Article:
South Plains White Star Families, organizations urge conversation about veteran suicide

South Plains White Star Families, organizations urge conversation about veteran suicide
Stop Soldier Suicide (Source: KCBD)
Stop Soldier Suicide (Source: KCBD)

LUBBOCK, TX (KCBD) - As statistics show at least 20 veterans taking their lives every day, local White Star Families, community members and leaders hope a discussion Friday will continue to prevent more heroes from dying from suicide.

The executive director of Stop Soldier Suicide, Shawn Jones, spoke to members of the Lubbock Police Department, Lubbock Fire & Rescue, State Representative John Frullo, Lubbock City Councilwoman Latrelle Joy, five Medal of Honor Recipients and other attendees of Friday's veteran and soldier suicide prevention discussion.

He said it's tough for veterans to return home and everyone must be part of helping their transition from war.

"When it comes to suicide and veterans suicide, it's not a military or government issue, it's a community health issue," Jones said. "You're around veterans and you may not always know that and to fix this trend, it's going to take the entire community to do that."

Stop Soldier Suicide was founded in North Carolina in 2011 by three Army officers affected by suicide. Jones said everywhere and in every community there are veterans who need help.

"We provide resources to past and present military members and their families," Jones said. "We also provide two years of case management. That's when we can really work with these individuals through each step depending on where they are in the process. We find resources anywhere from therapeutic modality to retreats to financial assistance, housing assistance. You name it, we try to find it."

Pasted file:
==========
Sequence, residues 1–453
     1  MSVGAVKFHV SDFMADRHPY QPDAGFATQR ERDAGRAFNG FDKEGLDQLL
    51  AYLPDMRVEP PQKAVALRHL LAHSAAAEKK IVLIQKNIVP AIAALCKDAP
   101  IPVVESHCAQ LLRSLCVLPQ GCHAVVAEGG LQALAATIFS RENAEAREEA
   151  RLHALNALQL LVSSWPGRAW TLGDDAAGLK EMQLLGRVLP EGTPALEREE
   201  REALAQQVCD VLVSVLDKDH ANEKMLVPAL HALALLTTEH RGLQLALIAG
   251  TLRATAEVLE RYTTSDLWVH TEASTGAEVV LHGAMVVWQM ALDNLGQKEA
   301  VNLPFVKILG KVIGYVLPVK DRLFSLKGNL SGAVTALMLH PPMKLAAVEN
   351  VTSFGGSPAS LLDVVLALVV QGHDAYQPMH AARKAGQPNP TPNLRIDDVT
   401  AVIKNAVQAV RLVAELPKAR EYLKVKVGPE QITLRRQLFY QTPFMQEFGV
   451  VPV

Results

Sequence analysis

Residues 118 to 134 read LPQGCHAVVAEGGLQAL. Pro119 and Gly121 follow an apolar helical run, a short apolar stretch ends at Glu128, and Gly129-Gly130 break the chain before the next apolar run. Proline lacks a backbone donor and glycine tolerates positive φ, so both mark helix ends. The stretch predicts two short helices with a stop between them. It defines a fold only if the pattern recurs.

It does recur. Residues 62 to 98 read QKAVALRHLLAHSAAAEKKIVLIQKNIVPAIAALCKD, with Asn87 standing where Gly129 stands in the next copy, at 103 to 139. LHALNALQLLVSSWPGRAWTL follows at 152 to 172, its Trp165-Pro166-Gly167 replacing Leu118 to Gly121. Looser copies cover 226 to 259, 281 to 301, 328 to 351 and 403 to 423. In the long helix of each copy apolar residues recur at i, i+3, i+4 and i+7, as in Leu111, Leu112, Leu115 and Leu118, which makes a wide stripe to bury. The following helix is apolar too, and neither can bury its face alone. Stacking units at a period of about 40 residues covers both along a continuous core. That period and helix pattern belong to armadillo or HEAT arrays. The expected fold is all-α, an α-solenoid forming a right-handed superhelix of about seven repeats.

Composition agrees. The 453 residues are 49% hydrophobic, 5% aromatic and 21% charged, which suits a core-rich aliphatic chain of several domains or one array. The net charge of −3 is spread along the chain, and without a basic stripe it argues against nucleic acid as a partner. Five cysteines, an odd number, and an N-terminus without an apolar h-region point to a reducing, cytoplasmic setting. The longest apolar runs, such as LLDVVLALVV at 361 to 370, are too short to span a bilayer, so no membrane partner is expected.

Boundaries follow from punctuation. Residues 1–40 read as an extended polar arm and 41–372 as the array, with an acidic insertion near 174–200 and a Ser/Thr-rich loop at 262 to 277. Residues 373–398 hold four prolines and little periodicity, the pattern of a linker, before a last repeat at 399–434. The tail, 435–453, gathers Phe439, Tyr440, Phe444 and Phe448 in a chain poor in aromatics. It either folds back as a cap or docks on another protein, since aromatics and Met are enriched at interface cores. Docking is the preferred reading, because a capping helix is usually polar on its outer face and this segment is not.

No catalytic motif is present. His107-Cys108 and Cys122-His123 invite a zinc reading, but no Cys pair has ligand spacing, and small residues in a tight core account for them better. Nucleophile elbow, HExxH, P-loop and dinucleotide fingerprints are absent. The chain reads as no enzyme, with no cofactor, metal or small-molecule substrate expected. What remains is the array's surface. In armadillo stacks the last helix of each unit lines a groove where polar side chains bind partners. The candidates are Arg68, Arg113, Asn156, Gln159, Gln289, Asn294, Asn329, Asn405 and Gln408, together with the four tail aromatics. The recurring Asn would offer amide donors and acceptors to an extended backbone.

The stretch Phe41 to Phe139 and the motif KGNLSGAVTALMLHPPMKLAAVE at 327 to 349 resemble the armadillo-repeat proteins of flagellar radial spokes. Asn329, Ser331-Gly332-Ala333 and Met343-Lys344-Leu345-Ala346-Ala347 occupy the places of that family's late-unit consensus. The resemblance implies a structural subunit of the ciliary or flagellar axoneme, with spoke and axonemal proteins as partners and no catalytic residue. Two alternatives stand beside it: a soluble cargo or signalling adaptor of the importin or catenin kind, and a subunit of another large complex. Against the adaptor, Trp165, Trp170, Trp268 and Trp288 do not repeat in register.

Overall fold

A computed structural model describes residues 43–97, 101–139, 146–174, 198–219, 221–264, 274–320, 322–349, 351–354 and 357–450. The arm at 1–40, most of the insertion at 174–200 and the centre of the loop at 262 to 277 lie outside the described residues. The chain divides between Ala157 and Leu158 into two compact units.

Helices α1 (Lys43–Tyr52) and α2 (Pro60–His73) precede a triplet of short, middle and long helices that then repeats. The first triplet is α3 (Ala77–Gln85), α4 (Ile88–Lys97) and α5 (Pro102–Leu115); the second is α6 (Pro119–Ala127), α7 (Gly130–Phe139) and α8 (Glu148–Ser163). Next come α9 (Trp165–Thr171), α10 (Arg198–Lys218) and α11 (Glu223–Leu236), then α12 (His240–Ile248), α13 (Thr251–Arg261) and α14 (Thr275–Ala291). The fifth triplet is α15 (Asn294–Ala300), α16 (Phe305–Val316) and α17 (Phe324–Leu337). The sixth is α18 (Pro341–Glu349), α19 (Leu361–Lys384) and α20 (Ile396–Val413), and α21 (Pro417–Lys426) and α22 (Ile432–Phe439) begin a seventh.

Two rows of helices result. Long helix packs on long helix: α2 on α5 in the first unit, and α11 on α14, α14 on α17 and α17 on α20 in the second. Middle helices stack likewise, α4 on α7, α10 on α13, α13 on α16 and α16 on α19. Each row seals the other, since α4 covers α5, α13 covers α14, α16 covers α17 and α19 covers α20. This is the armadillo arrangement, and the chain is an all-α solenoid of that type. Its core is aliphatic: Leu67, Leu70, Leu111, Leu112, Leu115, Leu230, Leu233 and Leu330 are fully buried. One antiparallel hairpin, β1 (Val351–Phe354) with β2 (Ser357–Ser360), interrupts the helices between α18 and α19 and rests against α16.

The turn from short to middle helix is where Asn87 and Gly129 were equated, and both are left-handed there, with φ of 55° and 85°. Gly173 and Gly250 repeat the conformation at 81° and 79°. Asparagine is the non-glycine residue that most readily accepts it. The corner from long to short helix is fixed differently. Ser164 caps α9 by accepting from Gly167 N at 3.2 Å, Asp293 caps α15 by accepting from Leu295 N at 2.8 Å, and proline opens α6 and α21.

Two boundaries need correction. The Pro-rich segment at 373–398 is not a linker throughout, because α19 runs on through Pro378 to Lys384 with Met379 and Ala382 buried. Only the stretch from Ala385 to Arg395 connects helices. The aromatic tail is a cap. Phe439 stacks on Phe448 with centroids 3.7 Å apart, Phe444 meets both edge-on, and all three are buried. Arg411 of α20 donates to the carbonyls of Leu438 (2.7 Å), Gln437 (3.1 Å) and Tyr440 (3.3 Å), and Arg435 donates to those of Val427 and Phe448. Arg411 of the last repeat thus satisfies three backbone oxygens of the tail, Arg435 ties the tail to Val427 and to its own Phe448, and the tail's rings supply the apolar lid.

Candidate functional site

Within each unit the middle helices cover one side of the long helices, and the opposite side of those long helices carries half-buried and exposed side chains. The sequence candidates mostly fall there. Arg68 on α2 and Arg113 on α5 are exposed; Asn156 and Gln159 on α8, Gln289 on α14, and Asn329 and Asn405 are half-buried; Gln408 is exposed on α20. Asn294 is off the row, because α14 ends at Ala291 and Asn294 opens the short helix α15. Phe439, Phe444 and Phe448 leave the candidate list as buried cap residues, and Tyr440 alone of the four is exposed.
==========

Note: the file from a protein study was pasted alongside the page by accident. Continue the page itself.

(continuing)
The White Star Families who spoke Friday said they wished they would have known of resources like Stop Soldier Suicide or Lubbock's VetStar.

Susan Felty lost her son, Joe Dan, to veteran suicide after he returned home from his third deployment in Iraq.

"He came home in 2011 just before they deployed again, he left the army and came home and came back a very different young man," Felty said. "What I would want people to know is there are many avenues of help available that we did not know about at the time."

Felty hopes a conversation about this topic will remove the stigma from suicide.

"It's not a shameful thing," Felty said. "I believe my son died from an illness, depression. Suicide is a symptom. That's a hard sell in some segments of society. But, if we can get that message across, I think it will be easier for people to reach out for help."

Lisa Fuentez lost her brother, Jeffery, after his service in Afghanistan as he also wasn't aware of the help available.

"I think if he found a group he could relate to, then he felt like that could have been his getaway and be a positive influence in his life and he didn't get that and those resources," Fuentez said.

She wishes the community and affected families and veterans will seek out assistance during their struggles.

"People don't talk about it enough," Fuentez said. "If you don't ask, no one is going to tell you. They'll just keep it to themselves. Just be aware and find the resources and have a relationship with that person. Not just call and check say 'hi', but really have a relationship where they can open up to you."

For more information about Stop Soldier Suicide, click here.

For VetStar, click here.

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